Last weekend I took a short cycling trip over the Flemish border to the nearby town of Overijse to watch the elite cyclocross, referred to by the TV commentators as the “classico” because it has been run on the same site for over 50 years. The continued delights of Belgian life, world class bike racing on my doorstep again.
However this cycling trip had a twist, because it has allowed me to write a story about some local history that I have been curious about ever since I started house hunting here in 2012.
Before we first moved here I looked at some possible houses to rent around Overijse and Hoeilaart. While travelling around on my bike I couldn’t help but notice numerous large greenhouses scattered across the rolling landscape, a few in good condition but many of them derelict and fading. It is like a whale graveyard, some of them recently beached on the hillsides but others weathered away to skeletons.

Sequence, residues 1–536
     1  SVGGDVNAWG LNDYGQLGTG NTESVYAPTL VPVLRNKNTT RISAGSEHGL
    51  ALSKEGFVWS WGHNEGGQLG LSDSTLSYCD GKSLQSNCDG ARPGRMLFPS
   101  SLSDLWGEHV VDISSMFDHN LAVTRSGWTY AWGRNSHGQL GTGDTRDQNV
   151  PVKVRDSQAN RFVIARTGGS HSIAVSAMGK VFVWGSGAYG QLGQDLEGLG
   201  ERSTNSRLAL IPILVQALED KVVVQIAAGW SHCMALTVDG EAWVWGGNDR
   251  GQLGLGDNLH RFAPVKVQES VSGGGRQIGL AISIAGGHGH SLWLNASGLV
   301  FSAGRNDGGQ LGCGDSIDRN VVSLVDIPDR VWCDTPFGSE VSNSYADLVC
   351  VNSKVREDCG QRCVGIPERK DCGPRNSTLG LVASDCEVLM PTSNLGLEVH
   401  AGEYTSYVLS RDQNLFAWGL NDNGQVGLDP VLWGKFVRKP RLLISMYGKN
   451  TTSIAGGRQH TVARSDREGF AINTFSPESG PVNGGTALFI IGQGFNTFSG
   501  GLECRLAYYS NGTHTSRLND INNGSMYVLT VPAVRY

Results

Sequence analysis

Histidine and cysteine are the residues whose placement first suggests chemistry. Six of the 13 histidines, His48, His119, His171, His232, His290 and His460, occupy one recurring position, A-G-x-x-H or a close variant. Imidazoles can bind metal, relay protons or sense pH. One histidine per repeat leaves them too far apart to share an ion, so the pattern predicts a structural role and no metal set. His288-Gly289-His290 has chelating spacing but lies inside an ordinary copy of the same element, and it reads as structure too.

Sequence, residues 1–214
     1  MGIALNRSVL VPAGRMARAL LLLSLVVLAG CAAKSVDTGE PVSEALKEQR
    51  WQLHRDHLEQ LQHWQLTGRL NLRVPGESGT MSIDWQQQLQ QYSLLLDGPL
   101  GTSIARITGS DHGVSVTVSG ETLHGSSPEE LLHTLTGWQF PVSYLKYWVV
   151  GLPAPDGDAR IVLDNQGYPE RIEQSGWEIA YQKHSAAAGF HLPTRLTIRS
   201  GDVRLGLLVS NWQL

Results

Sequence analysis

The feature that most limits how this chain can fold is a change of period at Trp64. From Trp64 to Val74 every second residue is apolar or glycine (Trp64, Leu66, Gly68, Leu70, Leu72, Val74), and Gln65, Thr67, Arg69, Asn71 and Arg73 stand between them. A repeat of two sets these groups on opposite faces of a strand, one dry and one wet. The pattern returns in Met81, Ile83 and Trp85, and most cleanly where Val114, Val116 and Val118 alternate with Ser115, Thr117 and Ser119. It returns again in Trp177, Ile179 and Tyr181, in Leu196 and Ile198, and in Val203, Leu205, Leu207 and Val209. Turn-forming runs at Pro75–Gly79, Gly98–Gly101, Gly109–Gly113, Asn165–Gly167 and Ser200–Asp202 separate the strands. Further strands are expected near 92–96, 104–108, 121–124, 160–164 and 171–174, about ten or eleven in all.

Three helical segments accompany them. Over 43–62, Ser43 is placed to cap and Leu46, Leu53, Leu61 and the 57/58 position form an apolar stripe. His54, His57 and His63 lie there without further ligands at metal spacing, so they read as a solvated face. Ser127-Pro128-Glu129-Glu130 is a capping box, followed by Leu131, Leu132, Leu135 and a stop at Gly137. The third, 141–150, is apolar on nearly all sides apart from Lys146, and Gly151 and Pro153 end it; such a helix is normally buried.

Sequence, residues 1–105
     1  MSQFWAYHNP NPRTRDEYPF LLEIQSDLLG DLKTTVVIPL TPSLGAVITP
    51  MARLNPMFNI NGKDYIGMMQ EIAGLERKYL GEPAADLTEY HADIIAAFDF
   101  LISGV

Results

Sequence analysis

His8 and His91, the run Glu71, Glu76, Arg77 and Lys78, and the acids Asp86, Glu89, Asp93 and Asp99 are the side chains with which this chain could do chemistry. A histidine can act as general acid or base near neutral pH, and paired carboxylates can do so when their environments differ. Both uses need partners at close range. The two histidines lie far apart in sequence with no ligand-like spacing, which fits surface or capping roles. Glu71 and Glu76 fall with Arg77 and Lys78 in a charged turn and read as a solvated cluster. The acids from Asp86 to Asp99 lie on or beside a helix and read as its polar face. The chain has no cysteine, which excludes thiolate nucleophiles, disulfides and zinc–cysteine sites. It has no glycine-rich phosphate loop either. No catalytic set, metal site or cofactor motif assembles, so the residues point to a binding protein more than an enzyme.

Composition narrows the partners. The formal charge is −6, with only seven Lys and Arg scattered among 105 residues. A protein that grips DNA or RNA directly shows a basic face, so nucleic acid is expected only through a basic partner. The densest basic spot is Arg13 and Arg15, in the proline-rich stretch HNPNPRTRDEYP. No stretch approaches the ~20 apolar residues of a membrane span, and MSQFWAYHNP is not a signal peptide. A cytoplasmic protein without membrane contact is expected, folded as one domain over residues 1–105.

I guessed, wrongly, that I might be looking at former market gardens that would provide fresh vegetables or flowers to the tables of Brussels, perhaps wiped out by the modern horticultural powerhouses of the Netherlands and Flanders?
I only found out the reality when I was given a wonderful book for Christmas last year. “La Ceinture Verte de Bruxelles” is a guide to the green ring around Brussels with a detailed history of the towns and features of the area. And therein I foundthe connection to Sunday’s cyclocross.